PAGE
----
- Born 17 July 1901 at 32 Cliftonville Road, Belfast
- Died 11 May 1976 Farnborough, Kent
- Educated Royal Belfast Academical Institution; Queen's University, Belfast
- Occupation Doctor
- Debut 13 July 1922 v Scotland at Hamilton Crescent, Glasgow
- Cap Number 315
- Style Right hand bat; right arm fast medium
- Teams Queen's University, Cliftonville.
Lawrence Walker was a very good fast medium bowler whose career in Irish cricket was first limited by his medical studies, then prematurely ended by his decision to enter general practice in England, where though he almost certainly continued to play cricket, no record of his having done so has been found. Lawrence was born the second son and sixth child of Lawrence Walker, senior and his wife Mary. The eldest child was Arthur who, also an exponent of fast medium bowling, gained one Irish cap before the First World War. Lawrence, senior was a Professor of Music, with a Dublin University degree and a Cambridge doctorate.
Lawrence, junior, developed his skills for the game at RBAI, though his chances at 1st XI level must have been somewhat limited due to war time conditions. However in 1920 he burst upon the senior cricket scene taking 42 wickets at 4.92 to help Cliftonville to their first outright league title. They had shared the honours with NICC in the competition's inaugural year of 1896. However in 1920, with Lawrence topping the averages, they won 12 of their 15 League matches and, in all fixtures, 19 out of 27.
They reached two finals of the NCU Challenge Cup during Lawrence's time with in the 1st XI. In 1922 they took on Waringstown in what became a low scoring and tense encounter at Ormeau. Winning the toss, Cliftonville posted a modest 155. Lawrence, never much of a force with the bat, contributing 5 at No 10. Then he proceeded to bowl the Villagers out for 55. In a devastating spell he had 6-35, including openers Jimmy Hampton and future Irish batsman Willie Irwin. 55 in front the Belfast men found themselves ousted for 44, with Waringstown's Tom McKenzie doing the hat trick. Waringstown needed exactly 100. Nothing loath, Lawrence grabbed the initiative again and sent Hampton pavilionwards. He finished with four wickets to make it a 10 for the match. Waringstown were bowled out for 32, giving Cliftonville, eventually, a comfortable margin of victory.
They were to be less fortunate in 1925 when NICC beat them by 10 wickets. This defeat could not be laid at Lawrence's door. He had figures of 3-60, including the wickets of William Pollock and Oscar Andrews. Had it not been for two fifties from policeman JC Walton, North would have been in some trouble. Lawrence had already shown himself a formidable opponent at Cup level. Thus playing for Queen's University in a first round match against Downpatrick in 1920, he took 7-13 including the hat trick to set up a 6 wicket victory. The following season, however, his outstanding figures of 8-68 against NICC were in vain, as some equally hostile bowling from Willie Pollock, saw Queen's go down to a heavy defeat.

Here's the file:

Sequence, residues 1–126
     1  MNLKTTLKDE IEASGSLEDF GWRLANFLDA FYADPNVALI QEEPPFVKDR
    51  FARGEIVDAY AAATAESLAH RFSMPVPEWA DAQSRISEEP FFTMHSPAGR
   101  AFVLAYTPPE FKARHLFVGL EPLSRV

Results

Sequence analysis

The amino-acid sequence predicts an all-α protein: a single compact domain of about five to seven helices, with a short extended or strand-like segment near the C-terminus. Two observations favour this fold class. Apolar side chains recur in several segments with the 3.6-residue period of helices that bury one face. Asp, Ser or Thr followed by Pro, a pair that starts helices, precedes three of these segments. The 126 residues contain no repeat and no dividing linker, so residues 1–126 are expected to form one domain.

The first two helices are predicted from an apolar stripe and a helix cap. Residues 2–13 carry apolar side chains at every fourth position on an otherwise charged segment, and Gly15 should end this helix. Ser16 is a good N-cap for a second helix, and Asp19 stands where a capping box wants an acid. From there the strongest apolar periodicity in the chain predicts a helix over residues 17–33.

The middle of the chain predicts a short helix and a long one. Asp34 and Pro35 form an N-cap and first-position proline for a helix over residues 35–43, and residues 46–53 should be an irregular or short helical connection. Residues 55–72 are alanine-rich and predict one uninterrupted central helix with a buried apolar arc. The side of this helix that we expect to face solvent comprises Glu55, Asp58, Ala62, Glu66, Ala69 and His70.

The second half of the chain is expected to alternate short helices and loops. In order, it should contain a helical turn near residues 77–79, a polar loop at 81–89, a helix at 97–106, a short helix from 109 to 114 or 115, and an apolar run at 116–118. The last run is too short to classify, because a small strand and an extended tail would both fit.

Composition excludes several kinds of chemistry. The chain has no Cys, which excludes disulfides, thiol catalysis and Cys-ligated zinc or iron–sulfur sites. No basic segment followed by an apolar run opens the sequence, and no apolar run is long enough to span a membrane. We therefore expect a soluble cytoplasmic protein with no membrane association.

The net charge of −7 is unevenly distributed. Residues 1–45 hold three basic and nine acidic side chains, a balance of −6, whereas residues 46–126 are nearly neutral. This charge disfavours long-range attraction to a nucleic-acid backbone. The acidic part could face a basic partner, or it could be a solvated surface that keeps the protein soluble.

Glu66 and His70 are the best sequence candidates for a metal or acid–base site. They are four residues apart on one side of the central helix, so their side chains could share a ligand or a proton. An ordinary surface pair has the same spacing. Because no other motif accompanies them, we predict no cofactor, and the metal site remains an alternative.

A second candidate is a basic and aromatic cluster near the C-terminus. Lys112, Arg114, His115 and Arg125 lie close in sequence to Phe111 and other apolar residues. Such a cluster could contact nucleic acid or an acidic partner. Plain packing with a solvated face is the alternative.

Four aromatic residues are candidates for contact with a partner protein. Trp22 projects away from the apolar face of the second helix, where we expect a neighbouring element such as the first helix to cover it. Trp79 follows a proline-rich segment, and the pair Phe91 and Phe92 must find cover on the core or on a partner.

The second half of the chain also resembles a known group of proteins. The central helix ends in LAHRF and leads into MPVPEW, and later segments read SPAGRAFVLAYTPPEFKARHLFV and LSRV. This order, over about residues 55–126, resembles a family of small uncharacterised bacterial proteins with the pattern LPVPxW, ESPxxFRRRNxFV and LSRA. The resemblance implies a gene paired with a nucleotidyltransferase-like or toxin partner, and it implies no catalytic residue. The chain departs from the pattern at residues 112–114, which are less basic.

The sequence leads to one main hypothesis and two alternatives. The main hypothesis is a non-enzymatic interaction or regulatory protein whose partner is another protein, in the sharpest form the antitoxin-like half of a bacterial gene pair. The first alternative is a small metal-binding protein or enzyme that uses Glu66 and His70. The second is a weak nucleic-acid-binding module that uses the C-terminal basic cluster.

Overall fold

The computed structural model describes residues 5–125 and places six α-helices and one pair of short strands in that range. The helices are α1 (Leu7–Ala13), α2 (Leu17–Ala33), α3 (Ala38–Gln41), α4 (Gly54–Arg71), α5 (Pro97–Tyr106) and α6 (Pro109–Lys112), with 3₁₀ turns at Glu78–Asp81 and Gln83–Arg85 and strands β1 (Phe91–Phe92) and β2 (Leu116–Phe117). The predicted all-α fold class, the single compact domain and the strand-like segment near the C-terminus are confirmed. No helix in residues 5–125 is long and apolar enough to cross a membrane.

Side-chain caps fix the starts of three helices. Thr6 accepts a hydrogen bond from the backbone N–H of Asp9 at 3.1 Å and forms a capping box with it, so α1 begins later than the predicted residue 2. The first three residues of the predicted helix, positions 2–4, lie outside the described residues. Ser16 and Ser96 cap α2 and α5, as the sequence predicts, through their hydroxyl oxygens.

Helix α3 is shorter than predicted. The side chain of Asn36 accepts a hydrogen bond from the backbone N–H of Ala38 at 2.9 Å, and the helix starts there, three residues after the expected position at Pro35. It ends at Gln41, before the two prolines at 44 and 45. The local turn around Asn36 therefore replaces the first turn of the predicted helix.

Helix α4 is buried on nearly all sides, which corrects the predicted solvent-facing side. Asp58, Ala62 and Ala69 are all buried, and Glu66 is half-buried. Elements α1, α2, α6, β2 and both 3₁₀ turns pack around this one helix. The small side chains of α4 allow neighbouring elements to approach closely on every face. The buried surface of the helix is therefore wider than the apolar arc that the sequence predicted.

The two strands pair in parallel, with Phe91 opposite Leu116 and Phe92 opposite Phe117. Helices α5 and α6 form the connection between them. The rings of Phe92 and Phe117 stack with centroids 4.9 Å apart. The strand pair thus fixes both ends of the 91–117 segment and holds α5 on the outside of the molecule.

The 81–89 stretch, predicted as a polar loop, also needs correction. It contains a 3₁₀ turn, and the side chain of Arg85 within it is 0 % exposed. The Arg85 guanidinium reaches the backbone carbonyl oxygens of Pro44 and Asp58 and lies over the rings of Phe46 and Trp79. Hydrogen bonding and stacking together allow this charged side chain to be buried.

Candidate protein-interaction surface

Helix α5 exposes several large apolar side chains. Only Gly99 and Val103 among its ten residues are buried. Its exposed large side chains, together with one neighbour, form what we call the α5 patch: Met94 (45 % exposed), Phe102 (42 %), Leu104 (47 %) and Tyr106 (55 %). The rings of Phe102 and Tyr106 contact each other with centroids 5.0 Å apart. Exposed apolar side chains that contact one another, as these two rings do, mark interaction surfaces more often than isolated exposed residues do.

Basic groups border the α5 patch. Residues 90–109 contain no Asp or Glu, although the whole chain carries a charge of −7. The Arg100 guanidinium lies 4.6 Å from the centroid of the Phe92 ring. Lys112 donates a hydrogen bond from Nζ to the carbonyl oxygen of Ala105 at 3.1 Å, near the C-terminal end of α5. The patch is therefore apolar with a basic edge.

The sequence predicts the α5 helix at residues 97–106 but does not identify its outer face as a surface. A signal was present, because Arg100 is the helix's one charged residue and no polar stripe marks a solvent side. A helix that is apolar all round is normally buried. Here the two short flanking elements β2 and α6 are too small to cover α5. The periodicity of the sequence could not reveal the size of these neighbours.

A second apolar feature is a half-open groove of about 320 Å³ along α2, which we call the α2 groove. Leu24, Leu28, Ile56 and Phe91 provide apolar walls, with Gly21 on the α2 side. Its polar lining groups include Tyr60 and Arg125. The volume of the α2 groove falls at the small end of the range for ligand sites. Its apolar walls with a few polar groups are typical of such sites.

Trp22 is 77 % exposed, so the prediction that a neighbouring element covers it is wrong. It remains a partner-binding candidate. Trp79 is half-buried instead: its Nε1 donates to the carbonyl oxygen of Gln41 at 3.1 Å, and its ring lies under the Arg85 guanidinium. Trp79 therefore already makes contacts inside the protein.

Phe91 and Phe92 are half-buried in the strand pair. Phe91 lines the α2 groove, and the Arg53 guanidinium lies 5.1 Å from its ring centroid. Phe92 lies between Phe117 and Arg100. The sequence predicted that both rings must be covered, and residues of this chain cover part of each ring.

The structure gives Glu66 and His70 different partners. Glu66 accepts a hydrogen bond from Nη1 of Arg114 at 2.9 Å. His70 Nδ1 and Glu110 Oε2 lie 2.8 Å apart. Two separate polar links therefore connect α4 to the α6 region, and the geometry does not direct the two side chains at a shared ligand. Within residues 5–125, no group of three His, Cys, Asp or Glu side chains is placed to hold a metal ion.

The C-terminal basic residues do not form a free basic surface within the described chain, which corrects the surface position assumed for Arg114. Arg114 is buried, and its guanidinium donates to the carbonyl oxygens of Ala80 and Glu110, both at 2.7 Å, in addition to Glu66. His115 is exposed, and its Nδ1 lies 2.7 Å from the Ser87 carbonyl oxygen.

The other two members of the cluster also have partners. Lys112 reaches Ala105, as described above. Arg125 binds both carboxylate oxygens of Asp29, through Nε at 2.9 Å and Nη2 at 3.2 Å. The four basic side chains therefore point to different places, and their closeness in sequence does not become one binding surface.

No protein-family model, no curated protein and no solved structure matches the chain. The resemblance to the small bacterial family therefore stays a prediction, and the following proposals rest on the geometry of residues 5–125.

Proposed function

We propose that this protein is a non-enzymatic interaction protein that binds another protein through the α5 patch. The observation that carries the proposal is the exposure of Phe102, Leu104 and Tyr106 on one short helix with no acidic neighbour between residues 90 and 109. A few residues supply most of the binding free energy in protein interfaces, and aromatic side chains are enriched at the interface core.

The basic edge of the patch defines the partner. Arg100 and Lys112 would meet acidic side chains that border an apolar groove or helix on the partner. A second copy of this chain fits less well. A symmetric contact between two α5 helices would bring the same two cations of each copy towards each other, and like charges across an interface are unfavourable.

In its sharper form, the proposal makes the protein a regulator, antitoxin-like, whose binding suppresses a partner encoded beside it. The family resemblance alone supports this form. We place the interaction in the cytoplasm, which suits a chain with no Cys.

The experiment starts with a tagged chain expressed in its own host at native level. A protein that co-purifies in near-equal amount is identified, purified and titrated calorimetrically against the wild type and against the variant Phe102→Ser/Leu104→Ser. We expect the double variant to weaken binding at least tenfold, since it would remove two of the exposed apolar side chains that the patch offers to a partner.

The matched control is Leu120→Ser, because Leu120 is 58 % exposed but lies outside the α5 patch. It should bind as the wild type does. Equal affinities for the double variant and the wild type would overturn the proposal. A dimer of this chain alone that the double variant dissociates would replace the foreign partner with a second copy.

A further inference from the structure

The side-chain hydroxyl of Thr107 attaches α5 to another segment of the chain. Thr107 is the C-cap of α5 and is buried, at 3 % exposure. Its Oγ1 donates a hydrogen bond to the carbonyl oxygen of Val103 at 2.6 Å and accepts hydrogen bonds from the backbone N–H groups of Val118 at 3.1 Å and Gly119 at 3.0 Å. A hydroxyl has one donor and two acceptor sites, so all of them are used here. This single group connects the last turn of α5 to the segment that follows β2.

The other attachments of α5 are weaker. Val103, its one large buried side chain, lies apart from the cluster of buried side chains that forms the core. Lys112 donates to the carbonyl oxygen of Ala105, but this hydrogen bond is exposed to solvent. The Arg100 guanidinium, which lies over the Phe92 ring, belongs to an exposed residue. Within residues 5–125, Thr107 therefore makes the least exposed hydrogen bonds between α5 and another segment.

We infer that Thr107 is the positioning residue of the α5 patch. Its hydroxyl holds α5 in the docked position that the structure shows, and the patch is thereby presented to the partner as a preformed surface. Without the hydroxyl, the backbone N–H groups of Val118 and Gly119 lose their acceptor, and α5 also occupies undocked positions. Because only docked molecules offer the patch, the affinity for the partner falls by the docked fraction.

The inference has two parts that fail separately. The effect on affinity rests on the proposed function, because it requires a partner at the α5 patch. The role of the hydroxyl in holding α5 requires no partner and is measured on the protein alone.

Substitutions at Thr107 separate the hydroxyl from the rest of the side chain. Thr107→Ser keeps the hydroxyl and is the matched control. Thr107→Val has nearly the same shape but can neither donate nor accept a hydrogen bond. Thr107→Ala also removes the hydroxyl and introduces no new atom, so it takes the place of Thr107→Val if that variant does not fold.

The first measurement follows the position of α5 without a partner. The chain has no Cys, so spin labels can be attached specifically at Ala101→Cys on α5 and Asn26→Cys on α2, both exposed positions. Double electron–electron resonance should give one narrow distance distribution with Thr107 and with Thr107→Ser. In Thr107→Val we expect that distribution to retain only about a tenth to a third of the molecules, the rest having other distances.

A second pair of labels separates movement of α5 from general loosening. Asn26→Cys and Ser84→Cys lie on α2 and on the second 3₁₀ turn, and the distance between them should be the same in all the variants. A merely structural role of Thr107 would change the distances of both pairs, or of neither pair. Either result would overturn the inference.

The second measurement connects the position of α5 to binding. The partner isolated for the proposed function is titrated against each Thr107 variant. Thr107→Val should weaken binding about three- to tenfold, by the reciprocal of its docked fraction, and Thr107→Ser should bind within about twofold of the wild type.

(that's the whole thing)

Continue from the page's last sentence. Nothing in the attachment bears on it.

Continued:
Lawrence's three Irish caps comprised two against Scotland and one, the only the second such a match had been played, against Oxford University. Though he took 3-60 in his debut match at Hamilton Crescent in a match which Ireland dominated but just failed to win, his best figures came in his last match, against Scotland at Glenpark, Greenock. Ireland, far below full strength, made only 210 on a near perfect wicket. They then had to field while the hosts ran up the little matter of 464-9 declared with John Ker making a sublime 127, scoring freely all round the wicket.
There was one other century, but unfortunately it came from Lawrence's bowling. However though he went for 125, he sent down 42 overs and took 5 wickets. They were all good ones, Ker and the other top four in the order. Lawrence almost caused a mid order collapse and was the only bowler to trouble "Wee John" and his cohorts. Ireland lost by an innings and 147. Lawrence, for reasons of non availability, never played again. He took up an appointment in Manchester and was later in general practice in Bromley. He was still living in the county of Kent when he died at the age of 75.
Lawrence Walker played for only a short period in our cricket. He did, however, do enough to make this a matter of regret. English medicine's gain was very definitely Irish cricket's loss.